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Search tags: Elizabeth-Gaskell
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review 2018-09-11 20:05
The more things change
North and South - Elizabeth Gaskell

How to tag this.

 

Know this though: if you expect a romance... well, there is romance, but it's not really the meat of the story. More like a sprinkled seasoning to give the excuse, and a happy ending I guess.

 

What this is about is industrialization, the theme for most characters was the failure point of their principles or what they considered their cornerstones, and the running one on interactions was misunderstandings arising from lack of enough knowledge to "wear another's shoes" (and no, I do not mean empathy), and it was masterfully done (if long-winded). So masterfully actually, that I had a raging fit and had to stop reading at one point (workers vs owners/strikes), because it is still such an on point analysis today.

 

The vehicle for all that is us following Margaret Hale through a three-year-long trauma conga line, through which she carries herself with so much poise and holding herself to such impossible standards that I could not help but want to shake her.

 

I'm a bit addled still by how packed this was, and I confess I'm downright intimidated by the prospect of her other books. I think I'll leave Wives and Daughters for another year's reading project.

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text 2018-09-11 12:49
Reading progress update: I've read 376 out of 521 pages.
North and South - Elizabeth Gaskell

So many misunderstandings! And they keep getting worse

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text 2018-08-31 14:56
Reading progress update: I've read 145 out of 521 pages.
North and South - Elizabeth Gaskell

'Yes; the fools will have a strike. Let them. It suits us well enough. But we gave them a chance. They think trade is flourishing as it was last year. We see the storm on the horizon and draw in our sails. But because we don't explain our reasons, they won't believe we're acting reasonably. We must give them line and letter for the way we choose to spend or save our money. Henderson tried a dodge with his men, out at Ashley, and failed. He rather wanted a strike; it would have suited his book well enough. So when the men came to ask for the five per cent. they are claiming, he told 'em he'd think about it, and give them his answer on the pay day; knowing all the while what his answer would be, of course, but thinking he'd strengthen their conceit of their own way. However, they were too deep for him, and heard something about the bad prospects of trade. So in they came on the Friday, and drew back their claim, and now he's obliged to go on working. But we Milton masters have to-day sent in our decision. We won't advance a penny. We tell them we may have to lower wages; but can't afford to raise. So here we stand, waiting for their next attack.'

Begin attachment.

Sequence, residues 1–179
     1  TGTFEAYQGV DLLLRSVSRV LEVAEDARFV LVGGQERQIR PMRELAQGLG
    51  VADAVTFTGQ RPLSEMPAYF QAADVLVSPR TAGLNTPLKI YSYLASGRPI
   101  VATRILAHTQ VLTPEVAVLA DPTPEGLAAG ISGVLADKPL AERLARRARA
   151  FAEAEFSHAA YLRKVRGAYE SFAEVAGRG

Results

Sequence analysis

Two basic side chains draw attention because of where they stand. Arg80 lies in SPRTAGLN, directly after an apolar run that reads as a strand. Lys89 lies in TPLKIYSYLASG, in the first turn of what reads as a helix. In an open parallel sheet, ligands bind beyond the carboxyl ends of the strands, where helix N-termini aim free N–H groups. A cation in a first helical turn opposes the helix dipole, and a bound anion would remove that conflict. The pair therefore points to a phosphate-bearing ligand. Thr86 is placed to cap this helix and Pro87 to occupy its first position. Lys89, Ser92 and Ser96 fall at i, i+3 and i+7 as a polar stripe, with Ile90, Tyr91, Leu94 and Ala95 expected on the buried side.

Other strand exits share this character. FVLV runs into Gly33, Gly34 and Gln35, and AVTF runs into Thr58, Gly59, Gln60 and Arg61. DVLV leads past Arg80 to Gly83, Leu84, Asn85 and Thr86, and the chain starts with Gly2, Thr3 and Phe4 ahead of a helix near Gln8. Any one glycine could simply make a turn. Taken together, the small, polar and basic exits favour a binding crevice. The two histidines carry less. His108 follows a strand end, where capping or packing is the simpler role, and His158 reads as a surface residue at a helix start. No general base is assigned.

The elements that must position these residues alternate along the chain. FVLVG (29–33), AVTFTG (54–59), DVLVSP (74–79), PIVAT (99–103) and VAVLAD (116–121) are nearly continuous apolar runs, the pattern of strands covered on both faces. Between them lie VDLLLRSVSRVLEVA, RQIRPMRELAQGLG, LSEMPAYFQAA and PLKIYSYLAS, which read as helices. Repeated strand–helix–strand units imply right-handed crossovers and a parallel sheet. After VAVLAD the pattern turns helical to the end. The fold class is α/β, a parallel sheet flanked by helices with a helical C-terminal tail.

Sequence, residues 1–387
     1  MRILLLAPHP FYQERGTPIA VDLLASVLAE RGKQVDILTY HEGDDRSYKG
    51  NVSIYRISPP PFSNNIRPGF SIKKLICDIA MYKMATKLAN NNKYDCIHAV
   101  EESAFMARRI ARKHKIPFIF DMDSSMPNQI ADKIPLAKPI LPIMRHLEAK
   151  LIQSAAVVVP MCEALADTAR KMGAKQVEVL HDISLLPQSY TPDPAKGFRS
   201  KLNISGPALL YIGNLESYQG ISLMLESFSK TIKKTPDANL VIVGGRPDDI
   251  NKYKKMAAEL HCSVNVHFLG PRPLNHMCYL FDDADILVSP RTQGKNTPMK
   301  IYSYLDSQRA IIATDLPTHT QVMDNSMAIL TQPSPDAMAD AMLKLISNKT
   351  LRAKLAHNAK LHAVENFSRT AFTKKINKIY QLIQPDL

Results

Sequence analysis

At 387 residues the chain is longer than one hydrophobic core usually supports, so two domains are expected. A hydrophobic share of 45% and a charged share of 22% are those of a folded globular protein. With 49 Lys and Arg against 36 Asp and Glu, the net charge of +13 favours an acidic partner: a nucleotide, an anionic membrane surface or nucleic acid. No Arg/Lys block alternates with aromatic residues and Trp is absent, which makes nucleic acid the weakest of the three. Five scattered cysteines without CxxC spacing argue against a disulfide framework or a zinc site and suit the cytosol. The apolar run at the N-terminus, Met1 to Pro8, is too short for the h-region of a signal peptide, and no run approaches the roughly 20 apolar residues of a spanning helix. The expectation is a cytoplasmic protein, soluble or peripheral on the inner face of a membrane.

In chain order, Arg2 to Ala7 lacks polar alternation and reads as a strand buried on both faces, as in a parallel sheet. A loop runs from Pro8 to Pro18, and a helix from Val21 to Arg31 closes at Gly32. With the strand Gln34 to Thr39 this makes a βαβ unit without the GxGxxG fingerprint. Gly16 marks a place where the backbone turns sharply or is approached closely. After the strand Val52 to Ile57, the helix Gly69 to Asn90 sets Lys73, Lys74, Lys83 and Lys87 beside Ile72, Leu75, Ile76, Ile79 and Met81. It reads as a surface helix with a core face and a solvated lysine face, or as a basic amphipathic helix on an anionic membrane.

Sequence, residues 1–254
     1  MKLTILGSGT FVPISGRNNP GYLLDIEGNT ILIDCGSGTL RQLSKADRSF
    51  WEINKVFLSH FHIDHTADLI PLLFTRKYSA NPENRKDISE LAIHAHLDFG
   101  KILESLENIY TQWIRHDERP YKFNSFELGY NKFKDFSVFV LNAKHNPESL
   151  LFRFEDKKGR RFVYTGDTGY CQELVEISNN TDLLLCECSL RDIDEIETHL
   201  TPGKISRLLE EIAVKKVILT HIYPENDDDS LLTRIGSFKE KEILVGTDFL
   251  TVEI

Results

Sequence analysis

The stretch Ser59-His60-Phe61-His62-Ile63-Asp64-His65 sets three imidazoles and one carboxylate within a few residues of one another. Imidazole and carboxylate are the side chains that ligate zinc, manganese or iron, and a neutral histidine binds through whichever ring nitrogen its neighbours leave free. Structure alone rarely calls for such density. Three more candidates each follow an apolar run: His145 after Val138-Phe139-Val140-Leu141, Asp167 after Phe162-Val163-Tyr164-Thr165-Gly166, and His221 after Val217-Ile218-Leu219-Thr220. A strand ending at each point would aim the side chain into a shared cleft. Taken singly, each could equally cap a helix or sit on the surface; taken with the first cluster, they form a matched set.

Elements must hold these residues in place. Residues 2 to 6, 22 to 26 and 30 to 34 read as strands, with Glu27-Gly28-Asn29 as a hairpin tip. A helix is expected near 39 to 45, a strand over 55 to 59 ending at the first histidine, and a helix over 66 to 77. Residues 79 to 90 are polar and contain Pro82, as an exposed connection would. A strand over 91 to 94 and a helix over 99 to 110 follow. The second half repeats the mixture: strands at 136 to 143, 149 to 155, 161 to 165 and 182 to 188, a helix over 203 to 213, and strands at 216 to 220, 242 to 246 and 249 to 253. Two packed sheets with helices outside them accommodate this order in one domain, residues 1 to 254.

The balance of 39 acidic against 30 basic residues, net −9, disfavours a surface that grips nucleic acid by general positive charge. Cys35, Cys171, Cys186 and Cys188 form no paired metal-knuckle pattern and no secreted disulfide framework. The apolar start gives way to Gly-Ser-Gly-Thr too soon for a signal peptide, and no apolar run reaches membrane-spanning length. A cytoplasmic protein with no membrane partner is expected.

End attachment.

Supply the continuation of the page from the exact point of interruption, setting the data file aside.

'And what will that be?' asked Mr. Hale.

'I conjecture, a simultaneous strike. You will see Milton without smoke in a few days, I imagine, Miss Hale.'

'But why,' asked she, 'could you not explain what good reason you have for expecting a bad trade? I don't know whether I use the right words, but you will understand what I mean.'

'Do you give your servants reasons for your expenditure, or your economy in the use of your own money? We, the owners of capital, have a right to choose what we will do with it.'

 

I have SO MANY ISSUES with this discussion still being relevant.

 

Edit (finished chapter): Let me correct: I raged (as in, almost teary from frustration, wanted to be part of that debate raged). This is too close to reality today for comfort.